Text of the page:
During my time with Unepic, I slew countless enemies, stumbled upon tons of great loot, and laughed at some seriously irreverent humor – all within the first two hours of the game. Throughout the rest of my time with the spunky platformer/RPG hybrid, I slew even more enemies, found even better loot, and even had the chance to copulate with some fantasy creatures. Needless to say, this is a game with some serious character.
Unepic feels very much like the myriad other ‘metroidvania’ titles on the market in terms of playstyle, but is one of the few games that are able to break free and transcend the genre thanks largely in part to its blend of familiar gameplay and smart writing.
The creative wit of Unepic takes center stage from the second the game starts up. Players step into the sneakers of Daniel, a sci-fi movie lover and RPG fan. Daniel is immediately relatable – his love for games and frequently foul language hits right at home and allows players to really appreciate him as a character.
Daniel’s journey starts simply enough surround by friends in the middle of playing a tabletop RPG. Amidst a few well-times D&D jokes, Daniel excuses himself to the bathroom. What he thinks is a simple trip to relieve himself soon turns out to be anything but that, as upon flipping out his zippo to illuminate the dark room, Daniel finds himself in a strange castle.
The castle, and Daniel’s subsequent journey to return to his home, is one of humor, violence, and pure fun. Unepic scores serious points for taking a tried-and-true formula and breathing new life into it. Through my hours with the game, there was never a point where the game felt stale. Even after hours of navigating the labyrinth hallways and slaying monster after monster, the game’s charm and entertaining writing kept everything feeling fresh.
Unepic’s humor often all of the attention and serves as a break from the rest of the game’s hacking, slashing, and platforming. Having a gaming nerd transported to a castle that seems right out of his imagination is a perfect set-up for countless jokes and spoofs of the genre as a whole. Throughout a playthrough, players will encounter great satires of RPG staples, characters that talk similar to Yoda and enough pop culture references to make any bar-trivia team blush. While humor and puns often take the place of actual narrative, this is not to be seen as a fault. If Unepic were to take a more serious approach to Daniel’s journey, the gameplay would do little to differentiate it from similar titles.
Gameplay in Unepic will feel familiar to anyone who has played a Castlevania title – or one of its imitators – before. Daniel navigates his way through the massive castle and its surrounding areas by leaping, climbing, and illuminating his surroundings. Daniel encounters foes left and right as he makes his way through various areas, and has the option of fighting them with various types of weapons. Bows, swords, axes, maces and spears are all par for the course, as well as different spells that can be unlocked as Daniel progresses on his quest.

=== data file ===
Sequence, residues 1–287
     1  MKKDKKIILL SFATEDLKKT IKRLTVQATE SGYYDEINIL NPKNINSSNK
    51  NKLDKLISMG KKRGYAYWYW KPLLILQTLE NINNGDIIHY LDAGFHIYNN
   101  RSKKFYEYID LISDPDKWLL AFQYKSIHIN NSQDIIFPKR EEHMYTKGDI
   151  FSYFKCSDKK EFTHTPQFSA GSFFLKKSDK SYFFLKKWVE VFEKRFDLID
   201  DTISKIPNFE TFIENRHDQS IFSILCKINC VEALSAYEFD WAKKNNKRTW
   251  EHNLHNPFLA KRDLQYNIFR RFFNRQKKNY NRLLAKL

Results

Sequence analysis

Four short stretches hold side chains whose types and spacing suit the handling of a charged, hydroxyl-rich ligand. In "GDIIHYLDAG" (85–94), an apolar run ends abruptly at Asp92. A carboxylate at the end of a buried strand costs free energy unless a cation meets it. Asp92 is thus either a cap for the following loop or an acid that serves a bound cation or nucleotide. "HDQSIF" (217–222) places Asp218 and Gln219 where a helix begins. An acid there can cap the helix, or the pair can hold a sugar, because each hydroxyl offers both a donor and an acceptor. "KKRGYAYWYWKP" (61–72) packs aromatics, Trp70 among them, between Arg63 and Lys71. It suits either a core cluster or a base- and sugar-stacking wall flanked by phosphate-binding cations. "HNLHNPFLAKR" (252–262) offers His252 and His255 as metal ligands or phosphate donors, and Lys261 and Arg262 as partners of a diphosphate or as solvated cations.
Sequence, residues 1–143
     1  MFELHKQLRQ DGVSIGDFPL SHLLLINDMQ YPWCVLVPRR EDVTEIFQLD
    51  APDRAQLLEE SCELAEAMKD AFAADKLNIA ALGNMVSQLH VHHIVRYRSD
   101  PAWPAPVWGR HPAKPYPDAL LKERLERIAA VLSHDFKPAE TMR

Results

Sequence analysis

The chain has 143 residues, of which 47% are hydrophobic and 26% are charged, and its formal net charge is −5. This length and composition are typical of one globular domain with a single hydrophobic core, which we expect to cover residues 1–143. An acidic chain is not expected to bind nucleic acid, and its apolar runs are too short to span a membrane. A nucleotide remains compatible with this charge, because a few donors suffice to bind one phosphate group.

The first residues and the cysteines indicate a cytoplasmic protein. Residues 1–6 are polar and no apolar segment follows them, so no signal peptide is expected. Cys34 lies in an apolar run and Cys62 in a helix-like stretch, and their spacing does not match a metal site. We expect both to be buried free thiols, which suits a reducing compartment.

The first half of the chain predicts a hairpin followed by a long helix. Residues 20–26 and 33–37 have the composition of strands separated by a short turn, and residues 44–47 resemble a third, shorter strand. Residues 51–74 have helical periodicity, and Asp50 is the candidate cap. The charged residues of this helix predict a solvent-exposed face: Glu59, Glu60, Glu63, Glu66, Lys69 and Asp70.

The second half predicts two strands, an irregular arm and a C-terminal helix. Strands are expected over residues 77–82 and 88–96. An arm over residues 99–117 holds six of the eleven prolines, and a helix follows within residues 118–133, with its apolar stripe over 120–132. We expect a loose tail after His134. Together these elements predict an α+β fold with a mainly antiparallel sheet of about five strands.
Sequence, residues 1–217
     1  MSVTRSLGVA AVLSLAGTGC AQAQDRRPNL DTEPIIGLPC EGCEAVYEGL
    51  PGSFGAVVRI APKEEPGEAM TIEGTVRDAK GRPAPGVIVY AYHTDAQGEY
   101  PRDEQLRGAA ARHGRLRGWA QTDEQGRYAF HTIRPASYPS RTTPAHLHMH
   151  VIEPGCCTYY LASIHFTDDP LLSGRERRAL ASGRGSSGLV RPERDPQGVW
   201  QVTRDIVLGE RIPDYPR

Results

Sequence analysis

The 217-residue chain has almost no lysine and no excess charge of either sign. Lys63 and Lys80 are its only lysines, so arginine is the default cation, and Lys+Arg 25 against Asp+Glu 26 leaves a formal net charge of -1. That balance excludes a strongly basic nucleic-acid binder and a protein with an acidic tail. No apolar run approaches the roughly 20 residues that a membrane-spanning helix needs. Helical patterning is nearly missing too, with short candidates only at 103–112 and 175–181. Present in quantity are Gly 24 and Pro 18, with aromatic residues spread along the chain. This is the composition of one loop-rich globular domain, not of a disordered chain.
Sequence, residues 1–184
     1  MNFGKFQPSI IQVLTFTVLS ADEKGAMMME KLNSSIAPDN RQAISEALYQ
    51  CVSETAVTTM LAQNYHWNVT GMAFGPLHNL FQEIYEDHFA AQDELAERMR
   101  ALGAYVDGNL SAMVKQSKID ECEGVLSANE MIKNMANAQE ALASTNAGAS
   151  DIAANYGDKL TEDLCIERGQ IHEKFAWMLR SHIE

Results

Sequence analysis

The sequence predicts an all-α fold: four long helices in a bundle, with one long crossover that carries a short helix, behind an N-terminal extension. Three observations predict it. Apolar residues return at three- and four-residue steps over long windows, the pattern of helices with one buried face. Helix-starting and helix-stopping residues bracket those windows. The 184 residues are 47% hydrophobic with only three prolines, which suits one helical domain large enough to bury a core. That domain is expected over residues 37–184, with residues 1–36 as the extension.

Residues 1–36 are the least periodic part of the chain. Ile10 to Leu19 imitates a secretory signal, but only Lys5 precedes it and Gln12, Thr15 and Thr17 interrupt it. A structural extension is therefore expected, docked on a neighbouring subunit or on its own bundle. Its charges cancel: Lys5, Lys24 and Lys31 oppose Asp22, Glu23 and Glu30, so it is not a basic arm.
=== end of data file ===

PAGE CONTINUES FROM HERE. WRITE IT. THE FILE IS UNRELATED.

There is not much to be said of the actual combat in Unepic, as it never deviates far from getting in close, slashing an enemy, and then moving back before getting hit. While there is nothing fundamentally wrong with this, sometimes it feels as though Unepic falls short in terms of combat depth – especially when dealing with the games noticeable difficulty curve.
Unepic is by no means an easy game. Many players may find themselves wishing for more of a challenge after breezing through the games tutorial stage and a challenge is surely what they will find. Later stages of the game, especially what is essentially the second area of the game – The Sewers – are markedly more difficult than their predecessor, which inevitably leads to some serious grinding and strategy adjustment.
All in all, Unepic is a fun fantasy romp. It is great to see a game be able to take itself lightly, while still deliver on classic gameplay. Thanks largely in part to the familiar feel of the controls and platforming, as well as the charming retro-inspired graphic, Unepic’s call back to the great metroidvania titles of the past is not one that goes unheard. The game’s shortcomings in terms of repetitive combat and large difficulty curve are easily overlooked when the game’s sparkling wit is mentioned. For lovers of the genre, this title is simply a no brainer.
[schema type=”review” name=”Unepic | Review Summary” description=”The Awesome: Well written and humorous throughout, handles and plays very well | The Not So Awesome: Gameplay can get repetitive, difficulty spikes can be cause for grinding” rev_name=”Unepic” rev_body=”Unepic is a fun retro-inspired game that banks on its wit instead of any gameplay innovation to hook players in.” author=”Ray Porreca” pubdate=”2013-07-08″ user_review=”8″ min_review=”0″ max_review=”10″ ]
*the reviewer was provided with a code from the developer to review the game for PC.
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